Indeed, X describes his band's first year as a "positive experience," although he's quick to admit that Big Game Hunter have gotten some important breaks thanks to the fact that all of his bandmates are in other projects and therefore have established relationships with clubowners. But while X says he's proud of the standing-room-only crowds at the Victory Grill, and healthy attendances at the Ritz, Mercury, and B-Side, he points out that those who fashion themselves as the true hip-hop gatekeepers, "the headz," have been less accepting, possibly because they're uncomfortable with Big Game Hunter's racial integration and/or the group's hip-hop/jazz amalgam.
"Self-interest is naturally involved with hip-hop," says X, "but we're trying to advance a conscious, positive, cultural element. Perhaps that's why the real hip-hop headz won't acknowledge us -- because we're pushing positivity. Only we're ready to talk and want a dialogue, because jealousy divides the tribes. There's a lot of potential here, but also a lot of ego, `this is real and you're not,' talk. That's basically bullshit, and yet very few have approached us on a very honest level."
This perceived lack of respect is not that different from the situation MC Overlord described two years ago. At that time, Overlord was the first local hip-hop act to break through to westside clubs and Sixth Street -- at least since the late Eighties, when Project Crew (featuring DJ Casanova and Cassius Claymoe) found success at venues like Mercado Caribe and Liberty Lunch. But Overlord, who says he feels a far more positive vibe today than two years ago, maintains that the hurdles associated with maintaining a westside crowd are two-fold. First, one must introduce hip-hop to rock-based crowds that had never seen a hip-hop show. Second, there's the task of convincing other hip-hop artists that your art is no less real just because you're utilizing a live band and finding success with primarily white college audiences.
"I think we're at a point where we all know we're doing different things and respect each other for it," says Overlord. "Sure, there was a point where I was definitely aware that I wasn't respected. I do something different, and don't follow what everybody else might be doing. I want to be the first MC Overlord, not the next Biggie Smalls or Heavy D, and I'm sure Big Game Hunter wants to be the first Big Game Hunter, not the next Fugees or Roots. But by doing that, you're gonna get mad criticism. By sticking to our guns, we can build respect for just that -- sticking to our guns. And more and more, I'm finding rappers from the `underground' approaching me and telling me they respect what I'm doing, even though it's not their thing. To me, that's worth a million bucks."
Beyond the credibility issues, the experts say that unless more Austin hip-hop acts follow Overlord's lead and regularly release product, there won't be opportunities for Austin artists to see a million bucks of their own. "Without product, having great hip-hop artists won't take us that far," says Tee Double, who's considering producing a compilation of local talent. "We could be having shows every night, but without product, there's no tangible receipts and no dollars, which is what it's going to take to make Austin viable in the long run."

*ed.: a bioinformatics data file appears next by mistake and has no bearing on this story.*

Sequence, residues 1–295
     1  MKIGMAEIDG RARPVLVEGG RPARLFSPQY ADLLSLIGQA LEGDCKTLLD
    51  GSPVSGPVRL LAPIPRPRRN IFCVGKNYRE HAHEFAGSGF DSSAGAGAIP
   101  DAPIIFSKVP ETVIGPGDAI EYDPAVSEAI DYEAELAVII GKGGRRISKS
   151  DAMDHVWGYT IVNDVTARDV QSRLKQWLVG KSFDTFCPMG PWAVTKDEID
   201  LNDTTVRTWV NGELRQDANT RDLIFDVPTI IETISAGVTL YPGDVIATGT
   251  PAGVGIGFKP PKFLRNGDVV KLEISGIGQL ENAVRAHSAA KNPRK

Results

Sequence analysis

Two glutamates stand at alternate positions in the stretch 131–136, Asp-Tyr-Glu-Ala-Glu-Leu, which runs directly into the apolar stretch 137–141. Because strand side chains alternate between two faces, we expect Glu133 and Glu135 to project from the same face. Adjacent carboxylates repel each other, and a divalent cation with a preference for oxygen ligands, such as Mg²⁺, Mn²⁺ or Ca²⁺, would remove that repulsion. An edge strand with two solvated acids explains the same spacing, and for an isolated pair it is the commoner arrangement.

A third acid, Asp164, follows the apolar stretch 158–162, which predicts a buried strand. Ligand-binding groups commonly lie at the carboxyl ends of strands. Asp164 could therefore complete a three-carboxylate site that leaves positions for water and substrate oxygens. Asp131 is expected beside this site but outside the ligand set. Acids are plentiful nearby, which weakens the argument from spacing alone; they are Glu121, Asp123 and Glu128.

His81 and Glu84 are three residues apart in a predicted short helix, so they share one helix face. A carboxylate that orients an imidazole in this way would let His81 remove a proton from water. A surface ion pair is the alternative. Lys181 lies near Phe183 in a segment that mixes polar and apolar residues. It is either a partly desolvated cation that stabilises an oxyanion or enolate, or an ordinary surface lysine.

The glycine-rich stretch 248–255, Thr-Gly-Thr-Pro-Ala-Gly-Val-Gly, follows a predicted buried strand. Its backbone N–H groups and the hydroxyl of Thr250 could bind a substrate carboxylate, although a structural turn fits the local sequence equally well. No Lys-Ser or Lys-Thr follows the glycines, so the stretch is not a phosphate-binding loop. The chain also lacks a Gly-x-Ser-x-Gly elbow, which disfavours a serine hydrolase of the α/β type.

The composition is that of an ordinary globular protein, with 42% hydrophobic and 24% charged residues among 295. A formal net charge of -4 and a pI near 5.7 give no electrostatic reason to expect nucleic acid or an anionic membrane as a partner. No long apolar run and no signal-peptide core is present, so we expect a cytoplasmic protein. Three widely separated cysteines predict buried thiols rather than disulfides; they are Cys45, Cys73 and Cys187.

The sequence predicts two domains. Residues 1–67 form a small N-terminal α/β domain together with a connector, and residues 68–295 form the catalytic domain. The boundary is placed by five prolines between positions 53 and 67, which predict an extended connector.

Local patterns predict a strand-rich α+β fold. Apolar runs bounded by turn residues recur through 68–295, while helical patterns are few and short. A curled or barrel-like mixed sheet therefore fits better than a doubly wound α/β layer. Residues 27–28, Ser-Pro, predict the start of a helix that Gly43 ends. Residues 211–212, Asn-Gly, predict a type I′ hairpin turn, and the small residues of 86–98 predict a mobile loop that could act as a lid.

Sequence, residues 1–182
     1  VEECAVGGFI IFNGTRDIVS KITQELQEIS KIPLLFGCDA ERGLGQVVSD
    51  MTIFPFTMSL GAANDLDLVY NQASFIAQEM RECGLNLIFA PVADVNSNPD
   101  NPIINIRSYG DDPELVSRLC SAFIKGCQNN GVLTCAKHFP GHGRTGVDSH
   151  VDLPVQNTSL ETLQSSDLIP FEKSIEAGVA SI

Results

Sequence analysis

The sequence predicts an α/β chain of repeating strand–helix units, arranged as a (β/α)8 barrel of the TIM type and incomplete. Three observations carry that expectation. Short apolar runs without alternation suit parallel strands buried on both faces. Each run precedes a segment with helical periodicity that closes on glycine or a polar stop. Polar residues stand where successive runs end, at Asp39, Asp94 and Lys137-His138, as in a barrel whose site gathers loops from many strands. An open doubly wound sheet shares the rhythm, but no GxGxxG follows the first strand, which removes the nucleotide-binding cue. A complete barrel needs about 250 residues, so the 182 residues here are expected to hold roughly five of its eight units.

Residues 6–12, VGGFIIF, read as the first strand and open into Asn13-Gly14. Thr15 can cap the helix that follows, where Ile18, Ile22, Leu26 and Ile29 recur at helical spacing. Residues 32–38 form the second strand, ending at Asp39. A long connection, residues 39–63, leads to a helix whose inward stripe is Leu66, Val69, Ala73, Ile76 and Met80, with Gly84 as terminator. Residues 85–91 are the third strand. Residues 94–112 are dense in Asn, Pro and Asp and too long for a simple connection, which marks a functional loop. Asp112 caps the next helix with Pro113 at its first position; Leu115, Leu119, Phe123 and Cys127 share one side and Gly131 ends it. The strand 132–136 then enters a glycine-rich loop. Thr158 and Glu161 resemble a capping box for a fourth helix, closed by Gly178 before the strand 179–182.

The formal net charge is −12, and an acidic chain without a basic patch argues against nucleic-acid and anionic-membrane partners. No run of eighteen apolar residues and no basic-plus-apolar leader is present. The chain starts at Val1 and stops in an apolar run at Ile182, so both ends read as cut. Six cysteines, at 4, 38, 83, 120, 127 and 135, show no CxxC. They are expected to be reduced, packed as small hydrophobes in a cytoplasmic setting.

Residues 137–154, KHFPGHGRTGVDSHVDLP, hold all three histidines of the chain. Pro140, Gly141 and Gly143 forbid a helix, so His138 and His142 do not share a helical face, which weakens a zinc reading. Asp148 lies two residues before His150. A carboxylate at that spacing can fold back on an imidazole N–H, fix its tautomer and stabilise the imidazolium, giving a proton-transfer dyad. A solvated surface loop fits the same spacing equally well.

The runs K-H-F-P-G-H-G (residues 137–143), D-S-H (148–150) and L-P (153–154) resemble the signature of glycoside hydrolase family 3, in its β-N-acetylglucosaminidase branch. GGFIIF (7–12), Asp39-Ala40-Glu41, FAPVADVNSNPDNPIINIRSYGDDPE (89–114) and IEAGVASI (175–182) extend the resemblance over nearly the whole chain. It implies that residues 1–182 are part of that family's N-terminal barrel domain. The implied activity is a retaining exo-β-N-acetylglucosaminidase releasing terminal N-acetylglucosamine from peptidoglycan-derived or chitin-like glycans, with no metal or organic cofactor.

Yet, DJ Casanova says he believes more and more local acts are beginning to invest in their own recording equipment, which is bad for his own studio, but good for the scene. "I think a lot of acts are realizing it's sink or swim time and buying their own equipment," says Casanova. "This way, they can put the tapes out themselves, because the labels aren't here to help. You have to be doing it for the love, but if you're hungry enough, it could pay off."
DJ Neutral says he's given away nearly 300 demo cassettes he produced for Relax and Disgruntled Seeds, and asserts that the greatest value of having a recording is that it can air on "House of Phat Beat's" local segment, "Texas Tape Showdown," a weekly dose of radio exposure that can translate into sizable club draws. Better yet, Jacobs says the local hip-hop radio shows are getting better about reporting their playlists to the trade magazines, which he hopes can translate into not only more road shows, but also more A&R interest for local talent with hot local singles.
"Reporting is key, because that's how the industry works... it shows there's a market," says Jacobs. "And when you report and handle things on a professional business level they're accustomed to, they respect that and are more likely to go out of their way to make things happen for you."
Additionally, local radio has also been the source of some of the scene's best networking and communicating -- in that local deejays, performers, and promoters generally hang out at the station during the shows. "The radio studios are a great place for people to hook up with people they don't normally get to see," says Jacobs. "Without a real center, there's not a lot of places for folks to gather and network for free."
Ultimately, say the scene's leaders, that type of networking is shaping up to be the local hip-hop community's biggest goal for 1997. The progress they've seen over the last year could translate into zilch if they're not united enough to capitalize on it together. And although insiders cite KVRX's recently instituted "no-hanging" policy in their studios as a setback, T-Bone says he's been working on establishing a networking collective with KOOP that would meet regularly to discuss opportunities within local radio, retail, and venues. More immediately, Tee Double has organized a Unity Fest for July 3 at the Electric Lounge, where nearly a dozen local artists including Relax, Disgruntled Seeds, and Short Fuze will be featured.
"If we're going to be viable, we're going to have to be united," concludes Tee Double. "We need to open lines of communication that are going to lead to more shows and a better track record of success. And I'm not sure we've yet tapped into the entire hip-hop crowd, because a lot of headz at the Camp Lo show have probably never heard of Big Game Hunter. Everyone needs to get together, open up their minds, and let Austin hip-hop saturate their brains."
Music: 1 2 3 4 5 6 7 8 9 10 11 12
© 1995-99 DesertNet, LLC . Austin Chronicle . Info Booth . Powered by Dispatch